“I’ll be happier when…”
Sound familiar? It’s easy to spend our entire lives only looking forward to the next thing. We feel unhappiness and discontentment and think that we’ll be happier only when we graduate, get a new job, get a promotion, get married, have children, buy a house, get the new iPhone, lose 10 pounds, retire, etc. If we never take a second to gain some perspective, we can spend all of our time in the vicious cycle of discontentment. Christ offers us a way out of the cycle. He offers complete fulfillment. It is in the power of Christ that Christians can experience contentment.
The “What” of Contentment
Paul, when thanking the Philippian church for their concern though they didn’t have the opportunity to give to him, explains his own contentment:
Not that I am speaking of being in need, for I have learned in whatever situation I am to be content. I know how to be brought low, and I know how to abound. In any and every circumstance, I have learned the secret of facing plenty and hunger, abundance and need. I can do all things through him who strengthens me (Philippians 4:11-13).
It is in this section that we find the what, how, when, and why of contentment. Starting with what contentment actually is. It is pretty well defined in verse 12 above, “I know how to be brought low, and I know how to abound. In any and every circumstance, I have learned the secret of facing plenty and hunger, abundance and need.” Contentment is, in essence, a sufficiency that transcends circumstances. Literally, it means to “have enough.” But, this “having enough” isn’t referring to our bank accounts or food pantries, it’s an inner sufficiency, something within us that results in the reality of us always “having enough.”
The “How” of Contentment
An inner sufficiency—easier said than done, right? However, in the above section from Philippians, Paul explains how he gained this inner sufficiency. In verses 11 and 12, Paul explains that he “learned” the secret to contentment. Paul didn’t become content in the face of hunger and emptiness overnight. Likewise, if we are to be content, it won’t come overnight. Like most spiritual disciplines, contentment is the product of constant training.
Paul learned contentment through experience. So often we shudder at the thought of struggles and hardships, not realizing that these hardships will make us “rely not on ourselves but on God who raises the dead” (2 Corinthians 1:9). Our trials in life create in us a genuine faith more precious than gold that will result in “praise and glory and honor at the revelation of Jesus Christ” (1 Peter 1:7). If we seek to be content, we must be willing to learn contentment, keeping our focus on the One who sustains us.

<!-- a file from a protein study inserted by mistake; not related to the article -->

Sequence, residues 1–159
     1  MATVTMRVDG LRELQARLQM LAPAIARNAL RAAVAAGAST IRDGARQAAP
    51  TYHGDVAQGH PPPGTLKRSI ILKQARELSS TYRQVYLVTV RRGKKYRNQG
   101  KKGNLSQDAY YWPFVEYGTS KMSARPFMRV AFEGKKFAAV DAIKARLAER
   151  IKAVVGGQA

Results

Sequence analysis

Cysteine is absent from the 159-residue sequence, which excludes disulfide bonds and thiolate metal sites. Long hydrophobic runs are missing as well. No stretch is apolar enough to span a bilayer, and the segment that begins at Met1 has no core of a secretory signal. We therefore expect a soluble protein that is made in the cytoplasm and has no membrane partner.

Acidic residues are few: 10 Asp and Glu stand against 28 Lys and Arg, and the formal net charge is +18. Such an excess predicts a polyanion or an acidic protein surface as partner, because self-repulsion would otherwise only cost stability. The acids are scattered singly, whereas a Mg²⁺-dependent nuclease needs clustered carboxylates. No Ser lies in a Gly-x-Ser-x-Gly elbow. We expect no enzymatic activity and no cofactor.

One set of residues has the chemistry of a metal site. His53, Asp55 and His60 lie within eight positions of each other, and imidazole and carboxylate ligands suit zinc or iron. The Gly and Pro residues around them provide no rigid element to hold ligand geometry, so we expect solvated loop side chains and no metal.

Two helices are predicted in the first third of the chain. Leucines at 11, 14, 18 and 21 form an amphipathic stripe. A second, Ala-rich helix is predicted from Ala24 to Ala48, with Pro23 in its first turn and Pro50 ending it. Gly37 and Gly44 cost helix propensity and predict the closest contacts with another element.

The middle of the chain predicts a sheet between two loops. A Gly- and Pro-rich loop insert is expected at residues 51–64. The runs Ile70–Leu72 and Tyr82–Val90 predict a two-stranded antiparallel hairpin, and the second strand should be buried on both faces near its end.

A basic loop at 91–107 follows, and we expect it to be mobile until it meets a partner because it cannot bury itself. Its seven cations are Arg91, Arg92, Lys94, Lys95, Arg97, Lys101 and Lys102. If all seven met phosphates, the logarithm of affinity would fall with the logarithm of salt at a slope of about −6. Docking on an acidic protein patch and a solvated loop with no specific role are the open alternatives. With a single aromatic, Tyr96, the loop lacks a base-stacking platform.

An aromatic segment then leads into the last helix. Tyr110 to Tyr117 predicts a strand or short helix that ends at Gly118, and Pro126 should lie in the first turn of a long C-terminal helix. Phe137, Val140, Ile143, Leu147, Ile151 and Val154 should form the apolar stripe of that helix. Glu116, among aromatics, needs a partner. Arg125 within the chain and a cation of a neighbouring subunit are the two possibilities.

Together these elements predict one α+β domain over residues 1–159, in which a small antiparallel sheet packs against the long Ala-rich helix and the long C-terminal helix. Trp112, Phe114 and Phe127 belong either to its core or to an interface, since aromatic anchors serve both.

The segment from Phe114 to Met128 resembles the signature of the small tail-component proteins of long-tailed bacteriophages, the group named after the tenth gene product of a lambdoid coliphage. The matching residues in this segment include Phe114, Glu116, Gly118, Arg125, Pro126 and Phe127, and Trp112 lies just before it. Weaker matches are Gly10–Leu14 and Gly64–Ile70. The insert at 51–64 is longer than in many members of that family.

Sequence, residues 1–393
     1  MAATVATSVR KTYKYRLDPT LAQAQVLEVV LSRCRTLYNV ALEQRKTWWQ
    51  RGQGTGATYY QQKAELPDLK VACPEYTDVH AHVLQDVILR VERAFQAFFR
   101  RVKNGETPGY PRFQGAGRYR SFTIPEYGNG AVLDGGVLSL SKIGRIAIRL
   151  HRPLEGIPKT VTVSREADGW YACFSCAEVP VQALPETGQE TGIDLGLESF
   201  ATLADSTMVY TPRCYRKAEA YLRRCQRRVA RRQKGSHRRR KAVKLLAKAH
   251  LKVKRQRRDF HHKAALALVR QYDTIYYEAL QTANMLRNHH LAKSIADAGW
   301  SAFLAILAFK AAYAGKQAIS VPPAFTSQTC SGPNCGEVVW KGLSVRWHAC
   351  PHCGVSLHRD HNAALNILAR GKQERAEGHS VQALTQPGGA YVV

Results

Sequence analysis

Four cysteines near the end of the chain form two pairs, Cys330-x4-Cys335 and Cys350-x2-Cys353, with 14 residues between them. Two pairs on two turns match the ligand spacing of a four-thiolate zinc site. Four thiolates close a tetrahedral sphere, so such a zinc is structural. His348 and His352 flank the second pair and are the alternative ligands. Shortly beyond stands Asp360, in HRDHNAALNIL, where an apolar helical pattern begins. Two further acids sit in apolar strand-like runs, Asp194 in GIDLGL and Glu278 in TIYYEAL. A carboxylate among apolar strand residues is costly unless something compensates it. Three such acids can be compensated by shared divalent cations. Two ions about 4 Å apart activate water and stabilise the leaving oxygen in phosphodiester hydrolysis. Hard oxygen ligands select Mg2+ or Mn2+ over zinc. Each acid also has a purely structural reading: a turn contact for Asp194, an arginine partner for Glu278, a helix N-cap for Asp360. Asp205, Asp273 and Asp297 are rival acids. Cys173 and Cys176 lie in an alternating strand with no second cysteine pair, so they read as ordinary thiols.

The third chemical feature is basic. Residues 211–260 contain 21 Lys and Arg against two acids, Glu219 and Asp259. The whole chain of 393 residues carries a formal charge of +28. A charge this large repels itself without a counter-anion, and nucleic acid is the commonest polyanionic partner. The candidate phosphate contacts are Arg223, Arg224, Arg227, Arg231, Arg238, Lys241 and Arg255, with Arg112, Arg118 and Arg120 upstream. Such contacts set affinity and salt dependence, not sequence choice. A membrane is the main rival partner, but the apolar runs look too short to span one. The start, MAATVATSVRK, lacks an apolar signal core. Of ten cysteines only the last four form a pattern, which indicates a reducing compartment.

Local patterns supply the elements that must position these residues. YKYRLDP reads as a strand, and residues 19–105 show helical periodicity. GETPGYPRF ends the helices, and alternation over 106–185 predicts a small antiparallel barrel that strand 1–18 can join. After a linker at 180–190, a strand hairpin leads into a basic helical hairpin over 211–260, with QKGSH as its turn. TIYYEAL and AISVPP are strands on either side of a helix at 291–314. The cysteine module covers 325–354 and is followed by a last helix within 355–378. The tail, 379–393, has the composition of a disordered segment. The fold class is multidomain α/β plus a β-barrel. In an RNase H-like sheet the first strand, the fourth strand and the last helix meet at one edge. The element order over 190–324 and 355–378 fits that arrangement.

The “Why” of Contentment
Why can we be content in Christ? Not because God will certainly bless us with riches and we’ll never be lacking anything, but because even when we are poor and destitute God lavishes upon us true riches in Christ. Even on our worst days, we are Christ’s, and his strength working in us brings contentment. Christian contentment transcends all circumstances because the power of Christ transcends all circumstances. Our source of sufficiency lies with our heavenly riches which are “imperishable, undefiled, and unfading” (1 Peter 1:4).
While the world struggles to be content in the face of weakness, hardships, and destitution, the Christians’ contentment is stone-faced during these times., because when we are weak, then we are strong. As Paul plead for the thorn in his flesh to vanish, the Lord responded, “My grace is sufficient for you, for my power is made perfect in weakness” (2 Corinthians 12:9). This caused Paul to exclaim, “Therefore I will boast all the more gladly of my weaknesses, so that the power of Christ may rest upon me. For the sake of Christ, then, I am content with weaknesses, insults, hardships, persecutions, and calamities. For when I am weak, then I am strong” (2 Corinthians 12:9-10).
Ultimate contentment, therefore, is not found only in abundance or in a perfect life. Ultimate contentment is found in a dependence upon the Lord. Contentment is found in the conscious awareness that we can do all things by the strength Christ gives us. In Christ, we are strongest when we are weak, most independent when we are dependent upon Him and feel that we have enough even when we are brought lower than ever. When the world looks on our contentment, may it result in the glorification of God!